London: Prime Minister Tony Blair will finally leave office today, bringing down the curtain on a decade in power that began amid euphoria but is ending with mixed emotions in Britain and abroad.
Seven weeks after announcing he would step down, Blair will tender his resignation to Queen Elizabeth II, before handing over the reins of power to his old friend turned longstanding rival for the premiership Gordon Brown.
As he spent his last full day in office on 26 June, reports from Washington say that the US, EU, United Nations and Russia have agreed to name him as an international envoy to the Middle East, in their bid to revive peace prospects after Islamist Hamas’s takeover of the Gaza Strip.
A US official in Washington, who asked not to be named, said Blair’s appointment was in the final stages of consultation. “We would expect that he would be named as early as tomorrow.”
However, a statement from the so-called Quartet mediators was delayed by Russian foot-dragging, diplomats said.
Blair himself refused to confirm reports about his next responsibility during his last press conference in his Downing Street office.
“I think that anybody who cares about greater peace and stability in the world knows that a lasting and enduring resolution of the Israeli-Palestinian issue is essential,” Blair told reporters.
“And I will do whatever I can to help such a resolution come about,” he added.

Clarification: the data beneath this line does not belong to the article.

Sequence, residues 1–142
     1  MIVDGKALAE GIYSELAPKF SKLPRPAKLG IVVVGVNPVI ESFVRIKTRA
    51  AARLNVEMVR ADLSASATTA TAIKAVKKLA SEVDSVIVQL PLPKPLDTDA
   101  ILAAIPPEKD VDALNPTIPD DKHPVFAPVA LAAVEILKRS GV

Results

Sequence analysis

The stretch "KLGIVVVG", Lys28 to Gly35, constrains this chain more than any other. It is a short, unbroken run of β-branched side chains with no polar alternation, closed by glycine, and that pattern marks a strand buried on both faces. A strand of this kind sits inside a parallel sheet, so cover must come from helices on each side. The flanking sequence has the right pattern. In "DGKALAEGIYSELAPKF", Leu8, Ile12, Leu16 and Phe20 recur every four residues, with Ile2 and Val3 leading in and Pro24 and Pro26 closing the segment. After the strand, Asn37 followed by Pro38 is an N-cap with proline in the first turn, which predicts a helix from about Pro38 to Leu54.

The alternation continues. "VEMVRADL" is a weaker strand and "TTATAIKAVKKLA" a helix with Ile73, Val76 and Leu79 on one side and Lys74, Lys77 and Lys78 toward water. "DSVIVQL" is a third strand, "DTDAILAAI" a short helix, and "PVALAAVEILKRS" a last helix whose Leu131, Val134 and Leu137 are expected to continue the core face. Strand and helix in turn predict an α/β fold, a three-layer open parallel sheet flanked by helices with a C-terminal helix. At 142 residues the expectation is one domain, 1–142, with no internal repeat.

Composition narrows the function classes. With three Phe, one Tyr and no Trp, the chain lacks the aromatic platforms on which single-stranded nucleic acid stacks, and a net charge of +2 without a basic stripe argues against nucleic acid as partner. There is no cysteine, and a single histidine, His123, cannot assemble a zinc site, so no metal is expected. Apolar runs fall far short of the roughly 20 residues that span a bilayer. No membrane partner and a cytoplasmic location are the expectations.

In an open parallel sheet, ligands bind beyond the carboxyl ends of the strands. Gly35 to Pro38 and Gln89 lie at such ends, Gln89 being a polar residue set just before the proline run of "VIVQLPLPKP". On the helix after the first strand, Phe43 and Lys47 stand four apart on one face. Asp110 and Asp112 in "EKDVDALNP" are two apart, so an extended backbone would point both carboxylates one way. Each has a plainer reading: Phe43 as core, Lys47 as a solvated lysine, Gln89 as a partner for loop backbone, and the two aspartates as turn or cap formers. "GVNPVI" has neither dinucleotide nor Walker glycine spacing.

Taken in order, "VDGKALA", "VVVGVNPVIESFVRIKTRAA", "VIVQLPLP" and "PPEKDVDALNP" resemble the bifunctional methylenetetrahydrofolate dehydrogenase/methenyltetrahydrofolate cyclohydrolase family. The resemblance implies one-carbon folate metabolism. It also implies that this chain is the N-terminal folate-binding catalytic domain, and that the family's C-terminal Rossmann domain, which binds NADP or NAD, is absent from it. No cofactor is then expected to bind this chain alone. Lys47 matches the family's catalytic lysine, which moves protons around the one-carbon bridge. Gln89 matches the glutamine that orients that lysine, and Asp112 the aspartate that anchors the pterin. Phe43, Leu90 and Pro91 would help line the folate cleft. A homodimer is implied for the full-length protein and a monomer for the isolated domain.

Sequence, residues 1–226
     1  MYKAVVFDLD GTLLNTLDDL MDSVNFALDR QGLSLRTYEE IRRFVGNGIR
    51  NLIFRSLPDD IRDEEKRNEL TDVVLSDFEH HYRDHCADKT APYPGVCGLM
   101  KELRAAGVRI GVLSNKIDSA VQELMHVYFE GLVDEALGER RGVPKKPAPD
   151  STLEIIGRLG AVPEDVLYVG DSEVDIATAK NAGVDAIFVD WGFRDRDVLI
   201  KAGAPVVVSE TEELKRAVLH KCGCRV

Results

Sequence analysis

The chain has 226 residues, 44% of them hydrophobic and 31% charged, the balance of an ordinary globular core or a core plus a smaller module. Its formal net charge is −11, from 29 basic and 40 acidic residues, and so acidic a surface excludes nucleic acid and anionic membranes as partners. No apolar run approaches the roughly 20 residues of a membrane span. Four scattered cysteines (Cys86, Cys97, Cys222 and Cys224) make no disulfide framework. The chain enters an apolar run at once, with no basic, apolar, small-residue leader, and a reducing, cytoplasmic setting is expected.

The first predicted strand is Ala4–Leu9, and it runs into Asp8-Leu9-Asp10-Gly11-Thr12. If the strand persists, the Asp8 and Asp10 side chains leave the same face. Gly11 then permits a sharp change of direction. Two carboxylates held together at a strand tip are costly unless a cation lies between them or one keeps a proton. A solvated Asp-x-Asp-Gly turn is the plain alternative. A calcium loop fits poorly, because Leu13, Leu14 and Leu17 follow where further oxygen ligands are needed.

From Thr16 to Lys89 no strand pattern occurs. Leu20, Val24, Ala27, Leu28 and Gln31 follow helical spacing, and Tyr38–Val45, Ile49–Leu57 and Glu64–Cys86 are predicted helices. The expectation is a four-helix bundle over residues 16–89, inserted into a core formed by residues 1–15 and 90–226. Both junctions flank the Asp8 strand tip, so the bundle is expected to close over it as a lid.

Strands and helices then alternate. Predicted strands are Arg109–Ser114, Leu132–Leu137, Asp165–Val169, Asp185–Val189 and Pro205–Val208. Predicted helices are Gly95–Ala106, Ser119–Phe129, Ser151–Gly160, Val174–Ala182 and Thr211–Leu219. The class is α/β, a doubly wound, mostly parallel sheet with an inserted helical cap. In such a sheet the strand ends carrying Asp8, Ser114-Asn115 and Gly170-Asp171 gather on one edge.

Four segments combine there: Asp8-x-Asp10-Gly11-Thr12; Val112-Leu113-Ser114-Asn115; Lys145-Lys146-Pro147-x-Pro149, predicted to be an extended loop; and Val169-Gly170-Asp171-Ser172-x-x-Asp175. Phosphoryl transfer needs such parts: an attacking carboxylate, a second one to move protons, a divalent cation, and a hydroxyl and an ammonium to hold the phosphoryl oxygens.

Blair is leaving office after a decade marked in the early years by record popularity and enthusiasm. He took power after a long period during which Britain was governed by Conservative leaders Margaret Thatcher and John Major.
Under finance minister Brown’s stewardship, the British economy has enjoyed a record sustained boom.
But the 2003 Iraq war soured Blair’s image, and in recent years he has struggled with falling poll ratings and political infighting. Mounting pressure within his party last year forced him to pledge to stand down early.
Brown, who allegedly orchestrated the mini-coup to get his hands on the keys to 10 Downing Street, was finally crowned Blair’s successor as leader of the ruling Labour party on 24 June 2007.
On 27 June, Blair will leave Downing Street for the last time after making his final appearance at midday questions in parliament.
Following tradition, he will be driven to Buckingham Palace to formally tender his resignation to Queen Elizabeth II. Shortly afterwards Brown will also visit the queen to ask her if he can form a government.
Brown, regarded by many commentators as a dour Scot who lacks Blair’s media-friendly charisma, is expected to broadly maintain the same policies, but has pledged a different style of government.
He is likely to announce a comprehensive ministerial reshuffle on either 24 June or 25 June.
Speculation about what Blair will do afterwards has ranged from roles in Africa, campaigning for measures to fight climate change, or even becoming president of the European Union.
But the focus turned to a possible Mideast role last week after it emerged that the United States had proposed him as envoy for the quartet.